Our literature search of infectious endophthalmitis studies in a Korean population included Korean Med (http://www.koreamed.org/), Pubmed (http://www.ncbi.nlm.nih.gov/), and the search engine of The Korean Ophthalmological Society (http://www.ophthalmology.org/) with term “infectious endophthalmitis”. This search revealed 11 articles, excepting case reports [7-10,15-20]. All papers were single-center studies and had limited numbers of patients or needed a long study period to recruit enough patients for analysis. Among the studies, the largest had 59 total cases and 37 culture-positive cases over the course of about 10 years. The smallest patient population had 18 total cases and 8 culture-positive cases over about 5 years [8,16]. In this context, the present study with its large study population of 174 total cases and 103 culture-positive cases has an advantage in revealing the clinical characteristics of Korean infectious endophthalmitis.
The annual incidence of postoperative infectious endophthalmitis was 0.037% in Busan and Gyeongsangnam-do. In the Swedish study, 0.029-0.048% of cataract operations developed postoperative endophthalmitis [6,21]. Recently, the incidence rate of infectious endophthalmitis in Canada was 0.14% of cataract operations . A study in Singapore within the last 20 years revealed a rate of 0.076% . The incident rate of South Korea was similar with the previous reports. It is worth to comment the stepwise increase of postoperative endophthalmitis rate during the period (2007 ~ 2009).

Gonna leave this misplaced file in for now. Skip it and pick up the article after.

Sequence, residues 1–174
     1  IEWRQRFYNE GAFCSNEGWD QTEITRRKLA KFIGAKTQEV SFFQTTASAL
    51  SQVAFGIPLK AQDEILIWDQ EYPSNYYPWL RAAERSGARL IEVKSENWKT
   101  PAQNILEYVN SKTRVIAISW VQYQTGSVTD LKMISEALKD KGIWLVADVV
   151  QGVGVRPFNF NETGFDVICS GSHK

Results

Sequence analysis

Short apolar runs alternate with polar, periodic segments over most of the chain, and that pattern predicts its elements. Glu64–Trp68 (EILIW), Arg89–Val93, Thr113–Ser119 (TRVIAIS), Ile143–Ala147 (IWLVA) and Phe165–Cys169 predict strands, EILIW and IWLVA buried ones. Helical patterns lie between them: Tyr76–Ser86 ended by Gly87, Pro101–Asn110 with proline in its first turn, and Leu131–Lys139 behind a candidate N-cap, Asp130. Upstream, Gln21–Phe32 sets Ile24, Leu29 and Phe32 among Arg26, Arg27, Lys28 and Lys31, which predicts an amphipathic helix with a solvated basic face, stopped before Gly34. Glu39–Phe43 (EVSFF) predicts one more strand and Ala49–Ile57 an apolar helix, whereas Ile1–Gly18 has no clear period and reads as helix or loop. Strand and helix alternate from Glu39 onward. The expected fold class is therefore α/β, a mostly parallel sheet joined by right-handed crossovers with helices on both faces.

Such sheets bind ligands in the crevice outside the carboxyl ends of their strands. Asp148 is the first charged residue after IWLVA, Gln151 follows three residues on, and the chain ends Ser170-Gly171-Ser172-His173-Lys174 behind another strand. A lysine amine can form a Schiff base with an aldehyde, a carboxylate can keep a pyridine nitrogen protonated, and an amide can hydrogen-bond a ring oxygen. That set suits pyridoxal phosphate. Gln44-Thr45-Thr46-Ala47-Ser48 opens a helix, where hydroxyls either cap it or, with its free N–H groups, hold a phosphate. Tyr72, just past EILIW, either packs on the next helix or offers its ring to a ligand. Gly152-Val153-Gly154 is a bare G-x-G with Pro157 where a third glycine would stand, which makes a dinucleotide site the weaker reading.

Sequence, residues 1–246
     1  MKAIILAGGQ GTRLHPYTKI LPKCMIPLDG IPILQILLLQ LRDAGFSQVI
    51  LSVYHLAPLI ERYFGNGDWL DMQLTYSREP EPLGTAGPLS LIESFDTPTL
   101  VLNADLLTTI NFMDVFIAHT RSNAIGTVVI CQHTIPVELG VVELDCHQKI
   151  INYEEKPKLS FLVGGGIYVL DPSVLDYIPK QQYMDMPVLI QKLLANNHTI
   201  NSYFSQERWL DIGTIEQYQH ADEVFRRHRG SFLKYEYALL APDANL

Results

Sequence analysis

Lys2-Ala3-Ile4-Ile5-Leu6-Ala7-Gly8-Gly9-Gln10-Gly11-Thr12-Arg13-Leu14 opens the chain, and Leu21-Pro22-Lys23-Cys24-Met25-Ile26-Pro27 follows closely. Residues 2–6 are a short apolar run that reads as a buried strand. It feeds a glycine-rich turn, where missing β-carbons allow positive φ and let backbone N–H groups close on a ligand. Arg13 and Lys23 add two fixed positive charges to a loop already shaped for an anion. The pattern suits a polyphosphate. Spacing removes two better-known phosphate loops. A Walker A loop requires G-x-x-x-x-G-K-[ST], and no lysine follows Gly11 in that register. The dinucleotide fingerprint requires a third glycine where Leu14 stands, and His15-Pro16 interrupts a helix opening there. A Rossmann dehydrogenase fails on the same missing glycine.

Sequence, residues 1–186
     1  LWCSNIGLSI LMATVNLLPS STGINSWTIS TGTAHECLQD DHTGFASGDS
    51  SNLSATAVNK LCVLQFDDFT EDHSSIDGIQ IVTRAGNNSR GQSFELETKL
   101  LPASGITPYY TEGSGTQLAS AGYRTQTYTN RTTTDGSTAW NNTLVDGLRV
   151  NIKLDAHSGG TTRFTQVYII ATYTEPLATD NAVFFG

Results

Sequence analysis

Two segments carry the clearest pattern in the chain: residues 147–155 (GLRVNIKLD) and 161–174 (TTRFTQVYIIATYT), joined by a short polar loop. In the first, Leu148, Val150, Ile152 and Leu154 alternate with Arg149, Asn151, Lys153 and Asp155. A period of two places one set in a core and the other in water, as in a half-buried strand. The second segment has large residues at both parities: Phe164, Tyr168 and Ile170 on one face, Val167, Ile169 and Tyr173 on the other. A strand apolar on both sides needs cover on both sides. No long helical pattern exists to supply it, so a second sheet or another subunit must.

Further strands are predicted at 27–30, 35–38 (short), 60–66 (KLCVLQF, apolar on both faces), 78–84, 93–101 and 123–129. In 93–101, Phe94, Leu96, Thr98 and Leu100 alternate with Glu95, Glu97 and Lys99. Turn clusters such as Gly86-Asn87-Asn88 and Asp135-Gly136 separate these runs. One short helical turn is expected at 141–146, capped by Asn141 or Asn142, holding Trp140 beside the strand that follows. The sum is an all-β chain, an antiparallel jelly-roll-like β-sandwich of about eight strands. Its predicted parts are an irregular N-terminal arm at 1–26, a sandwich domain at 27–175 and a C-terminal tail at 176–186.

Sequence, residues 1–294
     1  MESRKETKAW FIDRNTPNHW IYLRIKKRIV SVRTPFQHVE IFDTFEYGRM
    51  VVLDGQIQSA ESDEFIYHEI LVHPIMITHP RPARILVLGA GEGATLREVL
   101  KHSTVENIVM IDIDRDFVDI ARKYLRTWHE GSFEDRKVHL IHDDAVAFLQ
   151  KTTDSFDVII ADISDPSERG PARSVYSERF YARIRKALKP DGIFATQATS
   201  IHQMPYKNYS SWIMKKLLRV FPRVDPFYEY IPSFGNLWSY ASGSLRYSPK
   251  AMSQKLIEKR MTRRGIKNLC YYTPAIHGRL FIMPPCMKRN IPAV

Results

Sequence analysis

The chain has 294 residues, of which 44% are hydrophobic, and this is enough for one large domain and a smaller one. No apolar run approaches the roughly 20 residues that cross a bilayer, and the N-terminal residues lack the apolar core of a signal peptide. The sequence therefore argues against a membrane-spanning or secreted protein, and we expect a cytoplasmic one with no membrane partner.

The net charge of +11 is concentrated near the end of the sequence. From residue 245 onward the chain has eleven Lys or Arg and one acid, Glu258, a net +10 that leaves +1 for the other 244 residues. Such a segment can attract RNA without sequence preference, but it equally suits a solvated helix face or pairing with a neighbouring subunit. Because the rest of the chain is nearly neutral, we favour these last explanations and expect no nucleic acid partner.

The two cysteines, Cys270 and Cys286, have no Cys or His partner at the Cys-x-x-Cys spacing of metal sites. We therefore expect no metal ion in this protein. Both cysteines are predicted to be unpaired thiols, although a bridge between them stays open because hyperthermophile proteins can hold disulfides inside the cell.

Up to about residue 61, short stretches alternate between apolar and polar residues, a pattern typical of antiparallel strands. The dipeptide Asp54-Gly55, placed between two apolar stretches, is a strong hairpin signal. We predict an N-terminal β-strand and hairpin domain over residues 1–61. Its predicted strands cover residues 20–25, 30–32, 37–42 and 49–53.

The seasonal variations of postoperative endophthalmitis were investigated. Most of previous studies showed no significant association between infectious endophthalmitis and season. However, seasonal differences in development of infectious endophthalmitis were observed in our study. Spring appears the season that develop infectious endophthalmitis most commonly. To clarify the seasonal variation of infectious endophthalmitis, the authors analyzed the seasonal incidence rate of postoperative infectious endophthalmitis over 4 years. Even though after adjusting for the number of cataract procedures performed in each season, the incident rate of spring is significantly higher than the others. On the other hand, a study performed in Australia showed that endophthalmitis occurred more often after operations performed in winter and autumn than after those performed in spring and summer . But, the temperature of winter in Austrailia is similar to that of spring in South Korea. Rubio reported that conjunctival swab sample culture results had showed the frequency of bacteria had increased in April, May, and June, when the daily average temperature rises from 12°C to 22°C, this range is also similar to the temperature distribution of spring in South Korea . In this regards, season or temperature could be associated with incidence of postoperative endophthalmitis.